Australian National Botanic Gardens

Snakes are an important part of the Gardens’ ecosystem.

Two of the more common snakes seen in the Gardens are the eastern brown snake and red-bellied black snake.

Eastern brown snake (Pseudonaja textilis)

These snakes are often spotted during the warmer months. Growing up to 1.5 metres long, they come in a variety of brown shades and are a cream or yellow colour underneath.

Brown snakes like to sun themselves on pathways or rocks. They help look after the Gardens by preying on various species and keeping population densities in check. These snakes are venomous, so take care and follow our snake safety information.

Red-bellied black snake (Pseudechis porphyriacus)

Red-bellied black snake

This snake is less common in the botanic gardens but often appears in residential backyards and parks throughout the Canberra region. It’s a striking animal with a glossy black back and a bright red or pink belly.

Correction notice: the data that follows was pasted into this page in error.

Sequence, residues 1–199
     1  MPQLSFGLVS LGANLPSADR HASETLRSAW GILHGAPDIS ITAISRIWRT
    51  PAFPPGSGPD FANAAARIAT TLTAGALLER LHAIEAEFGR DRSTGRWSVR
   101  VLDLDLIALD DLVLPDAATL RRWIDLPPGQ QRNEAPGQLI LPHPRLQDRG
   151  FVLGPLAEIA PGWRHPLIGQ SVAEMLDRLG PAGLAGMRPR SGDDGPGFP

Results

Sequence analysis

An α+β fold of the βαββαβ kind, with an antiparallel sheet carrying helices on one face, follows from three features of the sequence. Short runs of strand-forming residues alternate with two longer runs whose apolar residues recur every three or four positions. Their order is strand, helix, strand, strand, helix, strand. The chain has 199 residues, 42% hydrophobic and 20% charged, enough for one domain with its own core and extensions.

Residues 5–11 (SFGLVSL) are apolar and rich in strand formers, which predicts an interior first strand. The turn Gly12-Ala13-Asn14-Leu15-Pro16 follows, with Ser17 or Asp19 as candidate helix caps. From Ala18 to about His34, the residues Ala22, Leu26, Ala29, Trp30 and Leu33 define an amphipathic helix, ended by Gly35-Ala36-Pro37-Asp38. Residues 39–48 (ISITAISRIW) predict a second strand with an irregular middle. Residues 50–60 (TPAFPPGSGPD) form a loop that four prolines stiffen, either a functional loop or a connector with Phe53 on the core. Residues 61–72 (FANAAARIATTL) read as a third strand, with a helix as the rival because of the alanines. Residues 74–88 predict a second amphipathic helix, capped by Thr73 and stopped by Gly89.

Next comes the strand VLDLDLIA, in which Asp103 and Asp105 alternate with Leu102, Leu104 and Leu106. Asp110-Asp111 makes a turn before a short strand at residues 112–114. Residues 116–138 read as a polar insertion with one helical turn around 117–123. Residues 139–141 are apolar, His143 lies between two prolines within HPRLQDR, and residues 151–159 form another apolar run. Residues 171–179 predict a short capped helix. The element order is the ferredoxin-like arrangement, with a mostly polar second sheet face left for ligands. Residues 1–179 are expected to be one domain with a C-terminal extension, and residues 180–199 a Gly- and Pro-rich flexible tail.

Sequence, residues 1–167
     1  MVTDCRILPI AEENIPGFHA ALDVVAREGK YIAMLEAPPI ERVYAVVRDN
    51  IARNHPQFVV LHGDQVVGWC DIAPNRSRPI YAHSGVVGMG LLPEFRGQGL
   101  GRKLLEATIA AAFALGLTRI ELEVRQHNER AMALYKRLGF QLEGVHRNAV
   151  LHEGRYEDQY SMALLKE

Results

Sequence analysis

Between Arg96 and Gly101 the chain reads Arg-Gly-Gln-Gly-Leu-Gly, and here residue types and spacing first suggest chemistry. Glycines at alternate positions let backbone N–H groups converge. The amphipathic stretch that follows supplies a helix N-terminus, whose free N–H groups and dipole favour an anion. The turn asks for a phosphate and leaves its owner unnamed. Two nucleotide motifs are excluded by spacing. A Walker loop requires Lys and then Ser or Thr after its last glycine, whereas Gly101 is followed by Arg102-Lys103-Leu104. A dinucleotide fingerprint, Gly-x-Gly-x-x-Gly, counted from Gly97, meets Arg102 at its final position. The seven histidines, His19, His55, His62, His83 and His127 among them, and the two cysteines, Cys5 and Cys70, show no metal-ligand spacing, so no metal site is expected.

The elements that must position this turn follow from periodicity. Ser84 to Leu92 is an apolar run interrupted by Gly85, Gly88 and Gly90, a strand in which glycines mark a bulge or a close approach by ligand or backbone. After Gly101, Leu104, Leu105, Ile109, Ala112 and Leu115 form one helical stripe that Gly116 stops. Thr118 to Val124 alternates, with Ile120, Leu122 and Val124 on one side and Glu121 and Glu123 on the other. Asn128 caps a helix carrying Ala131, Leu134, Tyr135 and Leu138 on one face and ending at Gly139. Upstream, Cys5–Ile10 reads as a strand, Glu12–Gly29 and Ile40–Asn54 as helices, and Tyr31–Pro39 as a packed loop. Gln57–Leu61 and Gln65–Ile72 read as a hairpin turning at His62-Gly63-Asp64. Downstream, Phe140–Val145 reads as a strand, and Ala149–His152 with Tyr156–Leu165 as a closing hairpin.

Red-bellied black snakes tend to stay in areas where they can bask in the sun but escape quickly if needed. you might be lucky enough to spot one at the Rock Garden.

Although venomous, red-bellied black snakes are not aggressive and will usually try to escape under a rock or into the scrub if disturbed.

Snake safety

Both the eastern brown snake and red-bellied black snake are venomous, which means they can bite and cause harm to humans or other animals. If you see a snake in the Gardens:

  • stay at a safe distance
  • do not approach the snake
  • notify a ranger or staff member as soon as possible so they can identify the snake
  • never try to catch or kill the snake. Snakes are a protected species and killing or harming one is an offence.

Find out more about staying safe in the Gardens